- Hong Kong Kai Tak Airport
It did Zokes and I have no idea how. Its something like a 70 degree turn just before you hit the mountain and are about 150-200ft and then down on the runway which usually had ferocious cross winds blowing across it.
Hard enough in a 747 but something like Concorde with interesting low speed handling characteristics must have been quite somethingPosted 4 years agothepuristSubscriber
Did the pilot ask you about Turkish Baths?
I was working for NATS doing some research work in air traffic management, so had flashed my credentials to the stewardess and she managed to get me up there during the flight. Had a good chat with the reserve crew and asked about getting up there for the landing, but they had to check with the captain. I’d just decided it wasn’t going to happen when another stewardess came and showed me up into the first class cabin then into the cockpit for the last few minutes of the flight.Posted 4 years agonickcSubscriber
Lived in HK as a kid at Elizabeth court at the back of Lion Rock. The planes would come over crazy low!! You could for a bit, bust your way up onto the roof, until the Feds realised and put in bigger locks, I swear you could’ve touched some of them as they came over.
Monsoon season was always fun it was like a spectator sport with popcorn and lemonade down on the water front near the mai-fu flats!Posted 4 years agoHob NobMember
Hard enough in a 747 but something like Concorde with interesting low speed handling characteristics must have been quite something
My father used to fly Concorde, whilst i’ve not really chatted much to him about his career (should do really) I have asked him about scary moments in light of the AF incident.
He said landing at Hong Kong was ‘f*cking frightening’, for someone who doesn’t swear much I imagine there were a lot of brown trouser moments.Posted 4 years agoRockhopperMember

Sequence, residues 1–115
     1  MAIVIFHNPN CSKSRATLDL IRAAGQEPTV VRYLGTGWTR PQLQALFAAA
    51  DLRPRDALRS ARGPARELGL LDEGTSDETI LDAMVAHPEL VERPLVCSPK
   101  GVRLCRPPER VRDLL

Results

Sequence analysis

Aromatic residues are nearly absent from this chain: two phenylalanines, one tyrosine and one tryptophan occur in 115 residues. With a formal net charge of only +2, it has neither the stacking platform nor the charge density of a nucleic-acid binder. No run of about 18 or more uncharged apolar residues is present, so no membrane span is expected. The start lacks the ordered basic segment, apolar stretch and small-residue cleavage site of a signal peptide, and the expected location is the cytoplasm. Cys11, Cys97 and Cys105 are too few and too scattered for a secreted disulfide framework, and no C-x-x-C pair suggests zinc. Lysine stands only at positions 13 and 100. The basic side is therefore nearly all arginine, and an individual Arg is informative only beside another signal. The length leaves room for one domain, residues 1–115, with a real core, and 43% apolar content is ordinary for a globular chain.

jordie – Member
Was there a arrow on the hillside to remember the pilots to turn!!!
There wasn’t an arrow but they did have a huge orange and white checker board on the hill side which they flew the aircraft directly at then when they reached a certain distance they would turn 47 degrees to the right and hopefully the runway would be directly ahead.Posted 4 years agojambalayaSubscriber
Many times and heard a few good stories from a pilot who flew in there a lot. A good mate of mine used to be in the British Army stationed in HK and he said the planes felt like they were low enough to touch as they came in. Did a few sessions on BA flight simulators and the instructors said it was way too difficult to attempt even on the simulator.
I much prefer the new airport, the old one used to make me rather nervousPosted 4 years agoskiMember
I did back in 1997, was quite a roller coaster of a ride, but it was more memorable watching the planes fly over from the streets below, remember back then checking out some knock of software in the shops and hearing the roar and then seeing the shadow of the plane pass over the top of you!
The new airport is amazing too mind, let’s face it Hong Kong is an amazing place full stop!Posted 4 years agoB.A.NanaMember
I’ve done it, don’t recall it being that big a deal in the plane and I was sat at a window, I’m pretty sure we came in over the water not the buildings. However, had a few hours to kill on my departure and found an airport car park roof to sit out on with a book. watching the jumbos flying so low over the roof tops was interesting.Posted 4 years agocobrakaiSubscriber
My father in law flew in there a lot and he’s got a “memory” wall at home with pictures from his time flying. The best picture is of him standing in the cowling of a 777 engine (mahoosive!)but there is a sequence of photos (about 6 I think) taken by him in the jump seat looking through the cock pit window when he was the in flight crew. It starts with a view through the cock pit at the big sign on the side of the hill and finishes with the actual landing. As the 74 is turning you can see by the horizon that the bank in the turn is incredible!
He was eventually checked out to land there but he always said that Mauritius (I think?!) was the most interesting landing. At the time, no ILS, a point of no return and no published missed approach procedures. Lots of stress apparently trying to decide whether the weather was going to be in limits.Posted 4 years agoseanypopsMember
Lived in HK for 3 years in the early 70s. You could reach up and tickle the under belly of the planes as they flew over. Used to sit on a hillside watching these monsters avoid all kinds off obstacles in order to land.Typhoon season made it very interesting. By the way I went to Gun Club School if any one on here remembers there time in Hk.Posted 4 years ago
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